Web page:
|Sunday, May 23, 2004|
Where Doves Fly
THE blurb mentions that this is Kamlesh Rajesham’s first book in the children’s category. Undeniably, the story is about children, and the main protagonist, too, is a child, but the "ten truths" highlighted in the book seem more appropriate for the consumption and comprehension of adults rather than grade-four students. The presentation, devoid of illustrations, is also not attractive enough to appeal to children or stir their imagination. The font size is so small that it is a strain to scan the letters.
The narrative centres round Jack, the curious and creative 10-year-old son of a pleasant and wealthy couple settled in Allentown, Pennsylvania.
Set in the backdrop of the Iraq War, the story lends an insight into apprehensions experienced by shielded-from-adult-affairs children, when they discover the dreaded word war. The essence of the story, however, lies in the ten truths, interspersed in seven chapters and which come up as wise phrases that Jack scribbles in his diary on and off.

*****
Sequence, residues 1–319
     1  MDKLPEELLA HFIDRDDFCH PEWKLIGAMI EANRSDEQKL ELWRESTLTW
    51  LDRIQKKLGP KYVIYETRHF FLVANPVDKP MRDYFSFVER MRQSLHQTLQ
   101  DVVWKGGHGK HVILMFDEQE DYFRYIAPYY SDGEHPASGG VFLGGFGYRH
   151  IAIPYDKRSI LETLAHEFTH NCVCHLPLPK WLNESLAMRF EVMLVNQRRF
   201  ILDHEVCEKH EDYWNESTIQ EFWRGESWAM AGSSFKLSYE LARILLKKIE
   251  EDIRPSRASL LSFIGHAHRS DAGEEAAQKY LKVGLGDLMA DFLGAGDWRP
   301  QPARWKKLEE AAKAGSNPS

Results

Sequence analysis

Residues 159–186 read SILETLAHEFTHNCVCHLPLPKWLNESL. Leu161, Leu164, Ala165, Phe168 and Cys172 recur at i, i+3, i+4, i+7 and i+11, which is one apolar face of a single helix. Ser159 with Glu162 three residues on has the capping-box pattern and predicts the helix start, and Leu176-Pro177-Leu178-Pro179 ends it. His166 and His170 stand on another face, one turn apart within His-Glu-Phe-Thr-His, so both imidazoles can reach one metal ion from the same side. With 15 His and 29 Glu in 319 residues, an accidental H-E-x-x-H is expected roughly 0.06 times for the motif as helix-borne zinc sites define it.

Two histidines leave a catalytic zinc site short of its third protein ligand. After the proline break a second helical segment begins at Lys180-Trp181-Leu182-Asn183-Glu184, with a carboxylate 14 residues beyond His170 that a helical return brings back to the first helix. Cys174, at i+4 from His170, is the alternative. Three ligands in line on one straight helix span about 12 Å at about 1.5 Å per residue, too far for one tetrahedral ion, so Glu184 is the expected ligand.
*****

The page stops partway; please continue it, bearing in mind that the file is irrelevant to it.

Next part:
Jack, wise for his young years, hits upon these guidelines as he traverses a world made complicated by adults. Even though he bonds well with his friends—called Little Doves—he strives to delve into the adult world "where things are not to be questioned"to draw conclusions like "not all that is sweet is the truth and not all that is bitter are lies" and "every truth is based on a person’s own experience with things in life." These truths you find are not only profound and hard-hitting but too weighty and philosophical for kids.
You may get an Enid Blyton-ish feel in the escapades of Jack and fellow Doves’ tree-house meetings followed by hot chocolate and scones, but that is where the similarity ends. Where Doves Fly doesn’t speak of pure unadulterated fun and adventures for children, but dwells on intense concerns such as "one does not really have to war with words or anything just because they do not agree with another".
Even the parent-child relationship depicted in the book would be grasped more by an adult than a vulnerable child. For instance, talk of hurt felt by a child when he is ignored—"Jack who was really happy with his new toy and was looking for some appreciation from his mother looked suddenly crestfallen" when his mother sharply asked him to "put away" his new creation—demands understanding of an adult. A child may be able to empathise with such behaviour, but he may not find answers to explain or tackle it. This book can make adults understand themselves and others, including children, better.